I did this and it was scary but worked out very well
Chances for making good friends and have nice neighbors are definitely higher in Poland. Earnings depends on profession. Successful life depends on definition. For me for example, it’s doing what I want whenever I want. With my savings it will be much easier in Poland than in Switzerland.
Of course partly I do agree with you. On the other hand, is there really not more than “being successful” and “high earnings” in life? It is all about the question live to work or work to live.
How come? Some bad personal experience?
Don’t know any profession that would earn as much as in Switzerland.
I’d say people like me and you are examples that one may live his whole adolescent life in Poland, get education there, and still succeed in Switzerland. If I had kids, however, and they were born in Switzerland, I would try to get them the Swiss citizenship. If they wanted to pursue higher education, I would also send them outside of Poland. Polish higher education sucks in the rankings.
I know people who earn +20k PLN net as Senior Software Engineers and the cost of living in Poland is 4-5 times lower (especially in other big cities than Warsaw - like Cracow, Wroclaw, Gdansk, etc). So I think it’s not a bad deal.
That’s true, although I think STEM majors at Warsaw University or Warsaw Technical University aren’t bad (even if they are low in the rankings).
These are some silly stereotypes. And anyway, in Zurich alone there are like 30% of immigrants or maybe more, so you can choose from people all around the World. I know many Polish people who live here.
Seriously? So they are on B2B with a daily rate of over 1200 PLN net? Because 30k gross that’s a director’s salary in Warsaw. Anyway, their equivalents here in Switzerland earn over 1200 CHF per day, so that’s still not higher. And we’re talking about a very small group of people.
When I did my calculations, it was about 3x. I mean, there are people in this forum who spend 400 CHF per month on food for 2 adults. Can you feed two people for 400 PLN per month? I seriously doubt it. Things like car, gas, electronics, holidays abroad cost almost the same.
These are serious stereotypes. You’re living in big city among young international folk. Go to a smaller town and talk to a +40 year old lady. It’s equivalency of going to countryside next to Radom and talking to a 80 year old lady in Poland.
Without immigrants this land would be not inhabitable.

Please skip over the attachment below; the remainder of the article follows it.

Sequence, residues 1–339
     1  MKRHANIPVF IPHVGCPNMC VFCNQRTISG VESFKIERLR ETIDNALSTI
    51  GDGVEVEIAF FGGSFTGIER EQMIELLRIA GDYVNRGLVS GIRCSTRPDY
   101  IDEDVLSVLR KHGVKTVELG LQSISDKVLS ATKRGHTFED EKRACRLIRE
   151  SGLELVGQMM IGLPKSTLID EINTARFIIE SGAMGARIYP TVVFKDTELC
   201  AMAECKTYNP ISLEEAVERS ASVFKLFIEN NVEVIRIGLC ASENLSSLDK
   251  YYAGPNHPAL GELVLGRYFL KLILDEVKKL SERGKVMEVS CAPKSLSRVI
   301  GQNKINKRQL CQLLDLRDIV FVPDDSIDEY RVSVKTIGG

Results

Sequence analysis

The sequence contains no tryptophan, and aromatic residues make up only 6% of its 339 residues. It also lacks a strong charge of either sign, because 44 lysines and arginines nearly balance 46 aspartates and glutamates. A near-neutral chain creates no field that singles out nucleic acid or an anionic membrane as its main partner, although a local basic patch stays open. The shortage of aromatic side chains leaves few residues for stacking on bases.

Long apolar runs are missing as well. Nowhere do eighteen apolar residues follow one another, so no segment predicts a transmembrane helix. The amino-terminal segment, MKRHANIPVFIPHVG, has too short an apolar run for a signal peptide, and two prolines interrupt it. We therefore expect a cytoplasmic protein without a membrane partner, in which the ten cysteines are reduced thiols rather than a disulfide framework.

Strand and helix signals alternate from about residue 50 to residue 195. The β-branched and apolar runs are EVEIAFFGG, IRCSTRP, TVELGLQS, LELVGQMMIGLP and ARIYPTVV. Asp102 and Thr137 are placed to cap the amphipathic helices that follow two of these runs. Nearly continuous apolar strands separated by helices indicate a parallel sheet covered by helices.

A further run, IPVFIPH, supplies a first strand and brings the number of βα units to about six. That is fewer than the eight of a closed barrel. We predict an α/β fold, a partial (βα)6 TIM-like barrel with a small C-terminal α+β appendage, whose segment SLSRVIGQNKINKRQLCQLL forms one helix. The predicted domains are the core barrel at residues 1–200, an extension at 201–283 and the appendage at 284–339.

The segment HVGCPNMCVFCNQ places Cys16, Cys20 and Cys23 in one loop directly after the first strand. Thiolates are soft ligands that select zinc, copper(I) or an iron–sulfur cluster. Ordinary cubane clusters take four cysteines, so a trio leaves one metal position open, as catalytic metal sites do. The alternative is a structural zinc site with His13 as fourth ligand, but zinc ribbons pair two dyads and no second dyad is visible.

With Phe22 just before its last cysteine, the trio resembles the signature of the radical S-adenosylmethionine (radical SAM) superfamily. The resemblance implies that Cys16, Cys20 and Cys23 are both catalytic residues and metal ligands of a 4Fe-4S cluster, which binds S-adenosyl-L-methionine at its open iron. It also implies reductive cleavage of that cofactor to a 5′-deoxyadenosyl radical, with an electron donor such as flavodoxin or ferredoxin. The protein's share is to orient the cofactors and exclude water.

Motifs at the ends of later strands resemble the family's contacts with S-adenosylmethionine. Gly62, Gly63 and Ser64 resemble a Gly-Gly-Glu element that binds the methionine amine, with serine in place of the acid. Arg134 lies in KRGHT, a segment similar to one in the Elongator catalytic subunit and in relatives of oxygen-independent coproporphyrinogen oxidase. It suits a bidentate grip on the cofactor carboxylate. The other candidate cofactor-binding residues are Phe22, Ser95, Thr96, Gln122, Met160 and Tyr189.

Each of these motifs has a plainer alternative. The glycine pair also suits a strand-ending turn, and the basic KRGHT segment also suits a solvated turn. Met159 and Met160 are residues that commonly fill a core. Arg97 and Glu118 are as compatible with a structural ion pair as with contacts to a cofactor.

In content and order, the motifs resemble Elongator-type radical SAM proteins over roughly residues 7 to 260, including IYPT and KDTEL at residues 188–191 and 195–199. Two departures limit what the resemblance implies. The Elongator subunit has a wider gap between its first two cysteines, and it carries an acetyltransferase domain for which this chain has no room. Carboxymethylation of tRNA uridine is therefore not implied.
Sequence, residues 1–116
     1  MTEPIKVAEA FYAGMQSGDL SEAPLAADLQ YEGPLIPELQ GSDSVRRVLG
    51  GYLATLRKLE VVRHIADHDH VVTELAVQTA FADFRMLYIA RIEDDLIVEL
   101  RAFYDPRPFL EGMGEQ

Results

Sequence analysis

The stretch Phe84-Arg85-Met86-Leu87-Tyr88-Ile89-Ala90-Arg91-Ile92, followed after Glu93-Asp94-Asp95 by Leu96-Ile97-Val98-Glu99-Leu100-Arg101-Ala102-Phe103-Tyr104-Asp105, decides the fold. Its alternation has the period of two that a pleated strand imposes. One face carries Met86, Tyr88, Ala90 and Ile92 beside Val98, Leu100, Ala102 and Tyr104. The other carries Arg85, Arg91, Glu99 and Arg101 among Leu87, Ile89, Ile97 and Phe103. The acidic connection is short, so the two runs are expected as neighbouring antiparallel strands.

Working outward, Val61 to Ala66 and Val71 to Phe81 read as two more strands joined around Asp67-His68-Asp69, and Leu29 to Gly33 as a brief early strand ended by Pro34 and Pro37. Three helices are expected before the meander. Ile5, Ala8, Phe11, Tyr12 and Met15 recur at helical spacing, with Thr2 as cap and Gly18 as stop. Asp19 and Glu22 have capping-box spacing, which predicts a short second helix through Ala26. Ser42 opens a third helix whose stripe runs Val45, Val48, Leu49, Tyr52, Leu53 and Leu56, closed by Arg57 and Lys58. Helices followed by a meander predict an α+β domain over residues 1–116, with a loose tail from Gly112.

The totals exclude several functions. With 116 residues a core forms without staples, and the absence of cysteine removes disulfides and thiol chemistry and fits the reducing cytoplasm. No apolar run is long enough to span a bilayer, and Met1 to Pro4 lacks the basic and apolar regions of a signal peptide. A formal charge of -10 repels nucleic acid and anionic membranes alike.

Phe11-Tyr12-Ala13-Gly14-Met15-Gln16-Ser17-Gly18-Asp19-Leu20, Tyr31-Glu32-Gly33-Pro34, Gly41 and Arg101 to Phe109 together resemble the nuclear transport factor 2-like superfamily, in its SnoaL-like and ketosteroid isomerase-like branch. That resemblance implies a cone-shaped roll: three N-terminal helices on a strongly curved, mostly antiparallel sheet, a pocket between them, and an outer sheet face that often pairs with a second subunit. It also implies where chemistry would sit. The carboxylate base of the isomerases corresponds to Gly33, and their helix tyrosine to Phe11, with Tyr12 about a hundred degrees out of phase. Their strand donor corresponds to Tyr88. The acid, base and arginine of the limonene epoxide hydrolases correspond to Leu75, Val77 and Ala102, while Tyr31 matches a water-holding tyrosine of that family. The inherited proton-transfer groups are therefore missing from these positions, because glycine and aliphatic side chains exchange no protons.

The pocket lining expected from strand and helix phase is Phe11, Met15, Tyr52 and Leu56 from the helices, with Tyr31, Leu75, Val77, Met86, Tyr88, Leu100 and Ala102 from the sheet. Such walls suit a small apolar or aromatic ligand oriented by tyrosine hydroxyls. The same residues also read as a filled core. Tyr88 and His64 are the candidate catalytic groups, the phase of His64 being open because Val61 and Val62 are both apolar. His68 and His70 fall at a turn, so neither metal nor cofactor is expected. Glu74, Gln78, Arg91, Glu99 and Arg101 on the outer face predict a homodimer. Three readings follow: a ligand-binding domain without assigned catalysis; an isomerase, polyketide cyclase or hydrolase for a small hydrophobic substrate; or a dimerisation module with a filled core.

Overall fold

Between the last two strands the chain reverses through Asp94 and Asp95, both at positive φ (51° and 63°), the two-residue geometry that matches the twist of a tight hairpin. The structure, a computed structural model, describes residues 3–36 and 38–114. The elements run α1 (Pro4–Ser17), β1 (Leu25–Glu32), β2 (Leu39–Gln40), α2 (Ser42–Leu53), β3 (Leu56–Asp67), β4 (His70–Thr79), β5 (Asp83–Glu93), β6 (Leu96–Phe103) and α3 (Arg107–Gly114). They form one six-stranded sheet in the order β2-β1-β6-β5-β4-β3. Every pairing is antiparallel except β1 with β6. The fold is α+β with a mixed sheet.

Lol, I did that in 2016.
From what I know, it’s a new normal, at least for IT people and not even in Warsaw, but in Wroclaw for example. A little over 2 years ago I was in the recruitment process where 25k gross per month (not B2B, but normal employment) was already on the table (confirmed) and they were trying to get even more (because I was asking ;)). It was senior admin job (not developer).
Add to the equation this: in Switzerland and Poland job announcement consists of 50 lines of text. In Switzerland you have 49 lines of requirements and 1 line “what we offer” (mainly salary hehe). In Poland you have 5 lines of requirements and 45 lines “what we offer”, for example: multisport card, cinema tickets, language lessons, summer camps for kids, private health insurance etc.
Really, I’m sure that currently in IT I would earn more in Poland, considering lower cost of living, especially after taking housing into account. Here with 20% I need to get the mortgage, I would probably buy a land, build a house and have no mortgage afterwards in Poland ;).
Isn’t this the biggest bullsh*t imaginable? Just give out the money instead of some dubious benefits. Everyone gets to choose and pay for what he actually needs.
Hehe, that’s another topic ;). I just wanted to point out the difference between job markets in Poland and Switzerland. Anyway, apart from all these additional things, they pay quite well, especially taking into consideration the costs of living.
Yes, this is a non discussion. It really is much easier to be rich in Poland, even when earning half of what you’d earn in Switzerland. Then again, lets not get too locked into the money topic. Quality of life has many variables. There is no “one size fits all solution”.